Twenty-first century politics has a Book of Genesis that the Councils of Nicaea failed to discuss, let alone enumerate. As the Age of Empire was collapsing before the superpowers were ready to cede their crowns, a new political Bible was being written. Several books were being written simultaneously.
Unlike the religious text that caused untold horrors for centuries, the political one would not have a civil council that would deliberate on a mutually acceptable version.
The victor -- the last crumbling superpower left standing amidst the ruins of all those that continued their cycles of sin for which they never repent in order to force the world to accept their relevance -- would write the definitive book that the paupers of the world, coffers bared by pillaging knights templar, would have to obey.
The divine word, thus, comes from the iron-handed spiritual leader, enforced by its law enforcement forces. Regrettably, the rules of despotic engagement specify in no uncertain terms that no one polices the police. In a world where the police have been the US since the end of the Cold War, this becomes increasingly problematic when moral values rooted in religion, which use zero-sum calculations, are used by the authorities to gain and strengthen self-appointed power.
The system is devoid of any means of oversight that can guarantee stemming the flow of religious fundamentalism, or, indeed, religious exploitation. The US has sought to control the world rather than make it in its image. That has not kept the whips and shackles of its foreign policy and international machinations from having the same essence as its partisan domestic politics.
Similar to Bangladesh, the US had a constitution that respected personal freedoms of religion, thought and conscience. Bangladesh had the principle of secularism -- variously absent, diluted, or convoluted -- ensuring this was not abused for political gains; the US had the flimsy principle of separation of church and state. The white horse whose rider is the politicisation of religion, with religious extremism following closely behind it, cannot, however, be deterred.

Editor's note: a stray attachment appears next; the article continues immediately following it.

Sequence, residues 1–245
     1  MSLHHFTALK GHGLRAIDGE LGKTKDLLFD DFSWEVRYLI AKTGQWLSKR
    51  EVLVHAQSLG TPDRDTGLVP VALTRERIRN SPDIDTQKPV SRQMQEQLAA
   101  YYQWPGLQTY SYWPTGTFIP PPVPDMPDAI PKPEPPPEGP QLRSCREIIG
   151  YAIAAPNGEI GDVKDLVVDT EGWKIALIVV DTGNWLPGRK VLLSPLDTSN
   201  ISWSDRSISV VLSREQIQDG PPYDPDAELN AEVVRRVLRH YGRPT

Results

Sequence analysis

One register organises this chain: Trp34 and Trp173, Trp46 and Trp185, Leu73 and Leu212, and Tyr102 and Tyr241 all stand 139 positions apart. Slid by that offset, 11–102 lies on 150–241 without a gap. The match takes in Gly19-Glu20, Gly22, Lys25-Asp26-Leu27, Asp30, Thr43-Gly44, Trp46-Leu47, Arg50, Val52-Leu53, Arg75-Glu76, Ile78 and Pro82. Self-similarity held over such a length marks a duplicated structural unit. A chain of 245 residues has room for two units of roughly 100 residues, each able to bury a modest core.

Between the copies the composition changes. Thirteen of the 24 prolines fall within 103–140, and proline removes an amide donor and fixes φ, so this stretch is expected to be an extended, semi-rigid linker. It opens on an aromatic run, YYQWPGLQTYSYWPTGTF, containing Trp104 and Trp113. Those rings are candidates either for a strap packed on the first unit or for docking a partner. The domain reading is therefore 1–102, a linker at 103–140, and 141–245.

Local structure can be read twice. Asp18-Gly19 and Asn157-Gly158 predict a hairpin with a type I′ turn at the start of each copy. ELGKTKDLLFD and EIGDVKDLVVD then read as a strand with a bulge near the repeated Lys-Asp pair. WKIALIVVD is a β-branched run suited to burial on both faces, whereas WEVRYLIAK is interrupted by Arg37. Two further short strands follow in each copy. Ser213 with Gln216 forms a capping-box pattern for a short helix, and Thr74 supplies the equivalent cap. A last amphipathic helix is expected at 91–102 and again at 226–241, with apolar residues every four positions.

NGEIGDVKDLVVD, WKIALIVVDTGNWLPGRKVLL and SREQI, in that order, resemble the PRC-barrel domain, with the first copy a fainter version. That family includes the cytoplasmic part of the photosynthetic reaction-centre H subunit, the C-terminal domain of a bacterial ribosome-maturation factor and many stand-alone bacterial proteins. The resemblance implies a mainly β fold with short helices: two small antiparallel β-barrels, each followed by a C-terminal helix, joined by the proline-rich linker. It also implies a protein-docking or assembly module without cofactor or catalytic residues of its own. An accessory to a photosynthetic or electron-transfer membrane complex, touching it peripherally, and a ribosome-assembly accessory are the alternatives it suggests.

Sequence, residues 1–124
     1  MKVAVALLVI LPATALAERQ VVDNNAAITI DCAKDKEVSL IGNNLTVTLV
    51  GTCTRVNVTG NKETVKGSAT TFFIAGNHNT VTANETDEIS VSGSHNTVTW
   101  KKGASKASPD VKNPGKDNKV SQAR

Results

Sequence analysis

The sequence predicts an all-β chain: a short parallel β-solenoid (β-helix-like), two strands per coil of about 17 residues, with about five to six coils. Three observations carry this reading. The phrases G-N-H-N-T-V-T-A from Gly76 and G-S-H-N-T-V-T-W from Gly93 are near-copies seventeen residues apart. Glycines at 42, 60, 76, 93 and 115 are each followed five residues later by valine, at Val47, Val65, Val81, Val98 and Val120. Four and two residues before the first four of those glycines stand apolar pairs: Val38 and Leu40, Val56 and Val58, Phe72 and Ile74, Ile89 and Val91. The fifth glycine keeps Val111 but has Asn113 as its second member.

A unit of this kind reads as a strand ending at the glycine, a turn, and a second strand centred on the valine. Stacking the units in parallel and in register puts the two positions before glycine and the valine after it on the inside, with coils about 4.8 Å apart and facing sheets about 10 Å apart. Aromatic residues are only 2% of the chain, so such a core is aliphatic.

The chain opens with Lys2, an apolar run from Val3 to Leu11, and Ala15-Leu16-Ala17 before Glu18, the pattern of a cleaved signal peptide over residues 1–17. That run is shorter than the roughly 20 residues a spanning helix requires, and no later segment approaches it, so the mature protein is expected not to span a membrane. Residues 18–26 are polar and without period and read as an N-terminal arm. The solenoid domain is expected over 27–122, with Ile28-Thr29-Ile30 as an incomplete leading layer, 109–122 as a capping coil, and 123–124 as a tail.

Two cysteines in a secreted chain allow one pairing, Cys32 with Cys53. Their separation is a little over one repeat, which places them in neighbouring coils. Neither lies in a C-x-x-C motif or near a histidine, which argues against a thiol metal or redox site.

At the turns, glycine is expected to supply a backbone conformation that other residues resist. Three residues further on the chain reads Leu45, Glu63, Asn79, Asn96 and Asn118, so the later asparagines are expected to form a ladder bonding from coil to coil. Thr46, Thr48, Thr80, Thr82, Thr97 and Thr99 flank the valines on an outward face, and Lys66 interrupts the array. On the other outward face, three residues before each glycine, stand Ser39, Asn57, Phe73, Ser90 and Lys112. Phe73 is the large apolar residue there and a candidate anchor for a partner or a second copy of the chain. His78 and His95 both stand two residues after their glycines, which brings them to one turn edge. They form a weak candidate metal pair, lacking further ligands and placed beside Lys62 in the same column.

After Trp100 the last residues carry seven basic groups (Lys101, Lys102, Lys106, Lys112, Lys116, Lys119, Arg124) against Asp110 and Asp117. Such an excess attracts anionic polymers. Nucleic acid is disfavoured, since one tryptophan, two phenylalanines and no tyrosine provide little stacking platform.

The American Civil War ushered in fundamentalism, as did the series of coups that blighted Bangladesh in its first half-decade of existence. The Bible was cited to endorse and reinforce slavery. Had the South won, all people would not be equal because scripture said so. The majority of the world would be equated to animals by divine power. Evidently, scripture also says all people do not deserve to live, and murder is not only justifiable, but a noble duty.
The 14th Amendment, one of three initiated during the post-Civil War reconstruction, secured protection from all forms of discrimination. It is the foundation of liberal and humane values in the US. Bangladesh awaits this watershed moment. Religious rhetoric became obscure after the Civil War, but the remorse of its use to justify the unjustifiable did not extend to religiosity being linked to morality in the political arena. The representation of the World Wars as humanitarian successes shaped by this morality, based on Christian values, blew the lid off Pandora’s jar.
The second half of the 20th century saw religious fundamentalism become institutionalised in politics. The romanticised perceptions of moral authority, divine duty, and chivalry were employed by groups such as the Ku Klux Klan, as they were by the South in relation to the Civil War. Christian superiority over paganism, tribal religion et al, Christian goodness against the coloured devil and proselytisation became the potent notions that had willing and zealous converts. Some states enforced a ruling that belief in God or a Supreme Being was a pre-requisite to hold office.
Hope of a bulwark against radicalisation came in the shape of Roe v Wade and the legalisation of abortion in 1973, although this continues to be undermined, especially in the Southern states. The pro-life campaign remains a lesson in effective branding that the religious right has perfected over the years. Ronald Reagan, whose administration continues to determine American politics and foreign policy, solidified the spread of fundamentalism.
The staunch Presbyterian -- perceived as a strict branch of Christianity -- tacitly and overtly supported right-wing religious ideology and the growth of groups that prescribed to this within politics. It is worth noting that Reagan was the first president to provide support to individuals like Osama Bin Laden in order to tackle growing Soviet influence, whose atheist left was deemed to be inferior to religion in general, and Christianity in particular.
Bush Senior and Junior, the Tea Party, the current Republican Party lunatics who preach from the anti-science gospel in one of the most advanced nations in the world, have expanded on the teachings of Saint Reagan. The only thing surprising about the spread of radicalisation and extremism in volatile parts of the world where the US has meddled is how unsurprising it is, given America’s own relationship with religion in politics dating back to the mid-1800s. Those in Bangladesh who seek to emulate the land of the free have been warned. To date, they have blissfully ignored these warnings. Continuing on this path will fail to produce even a gold-plated Bengal.